7. Pearl Oyster Mushrooms
The pearl is an attractive variety of the oyster mushroom family. Pearl oysters are easy to grow, take up little room, and will happily flourish in a plastic container filled with ever-useful coffee grounds.
Unlike some of the edible mushrooms on our list, pearl oysters are also relatively quick to grow and fruit. In fact, small mushrooms will start to appear within a few weeks of inoculation. For continuous production, simply refresh the coffee grounds once mushroom production starts to slow noticeably.
This is a distinctive mushroom that almost impossibly balances a tiny cap on a long, thin stem. Enokis are one of the easiest edible mushrooms to grow at home. They also taste great as part of a home grown salad or in a hearty soup.
Enokis are available as spawn or as a mushroom kit, and come in the form of an inoculated sawdust block. They’re happiest in dry climates, and are a reliable, heavy-cropping mushroom. One kit can provide you with a monthly harvest of about 2lbs of mushrooms throughout the growing season.
Native to both Japan and North America, Maitakes are sometimes known as “Hen of the Woods” because of their roast chicken flavor. They’re not as easy to grow as other some of the other edible mushrooms on our list, and can take up to 2 years to start fruiting. They commonly grow on logs or roots, but will also grow indoors in substrate grow bags.
While maitakes can take a while to fruit, it is worth the time and effort. Because of their rich umami flavor, they’re one of the most valued culinary mushrooms in the world. These mushrooms are also good for your health. Studies suggest that maitake mushrooms can potentially help to lower blood sugar levels, and lower blood pressure.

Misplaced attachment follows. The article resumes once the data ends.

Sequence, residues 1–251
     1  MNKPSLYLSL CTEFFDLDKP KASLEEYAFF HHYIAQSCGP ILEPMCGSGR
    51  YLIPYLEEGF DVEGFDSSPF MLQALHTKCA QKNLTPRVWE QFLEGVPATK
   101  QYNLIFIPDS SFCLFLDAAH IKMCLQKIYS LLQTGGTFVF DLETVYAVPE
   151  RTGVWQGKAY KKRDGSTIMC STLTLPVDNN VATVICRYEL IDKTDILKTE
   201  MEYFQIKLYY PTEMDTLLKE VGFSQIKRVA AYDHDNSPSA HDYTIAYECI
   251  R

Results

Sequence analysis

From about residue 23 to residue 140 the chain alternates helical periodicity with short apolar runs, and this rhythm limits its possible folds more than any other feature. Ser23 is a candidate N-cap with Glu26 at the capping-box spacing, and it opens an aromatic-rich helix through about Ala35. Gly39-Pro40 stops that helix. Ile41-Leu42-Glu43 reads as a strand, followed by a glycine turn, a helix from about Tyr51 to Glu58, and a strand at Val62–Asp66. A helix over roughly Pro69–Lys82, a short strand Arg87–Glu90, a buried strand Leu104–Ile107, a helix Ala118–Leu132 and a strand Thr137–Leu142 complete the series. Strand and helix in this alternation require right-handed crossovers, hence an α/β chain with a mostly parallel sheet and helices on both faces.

10. Lion’s Mane
Lion’s mane is an edible mushroom like its cousin the comb tooth. It will grow both indoors and outdoors, with the right care and attention. While each variety of lion’s mane has its own preferences, they usually grow on hardwoods like oak or maple. They grow best in the cool temperatures of spring or fall, and fruiting usually occurs when temperature is between 55-65°F.
Unlike other edible mushrooms on our list, lion’s mane will only fruit once a year. After it fruits, the mushroom can be cut when it’s half developed. This will allow for a second regeneration within about a week.
These mushrooms are popular in China and Japan, and taste like crabmeat. They’re also a prized medicinal mushroom. Studies have shown them to have powerful, possibly regenerative effects on brain cells. Like other types of mushroom, they can also lower blood glucose levels and contain anti-cancer compounds.
11. Wine Caps
Also known as “Garden Giant” or “King Stropharia” this edible mushroom is popular with no-till gardeners. You can spread wine cap spawn in the spring months over mulched areas, such as around shrubs and trees. This allows for continuous harvesting throughout the summer months. Growing mushrooms on mulch between other plants and crops can also help to increase yields. Consequently, the wine cap mushroom is considered to be a great intercrop and companion plant.
The elegant, maroon, wine-colored cap makes it easy to identify and pick out against dull-hued mulch. It also has an excellent, reliable flavor that tastes like a combination of portobello mushrooms, white potatoes, and red wine.
Chanterelles are small- to medium-sized edible mushrooms. This smooth, gold-orange colored variety is pale white internally when snapped in half. These edible mushrooms have a fruity aroma and an earthy, woody flavor with hints of pepper. They’re prized for their velvety consistency and spectacular flavor.
The ideal time to start chanterelles is in the fall, but you can grow them all year round, either indoors or outdoors, with the correct management.
All the edible mushrooms on our list are easy to grow. This means that with just a little time and effort, you’ll be enjoying a crop of flavor-filled, nutritious fungi. As you begin to further explore the wonderful world of mushroom growing, you’ll find that there are many other attractive varieties to grow and enjoy.
Growing edible mushrooms can be a fascinating, enjoyable process. Additionally, growing edible fungi is a fantastic compliment to an already thriving vegetable garden. It can also be a great way to introduce children to the joys of vegetable gardening.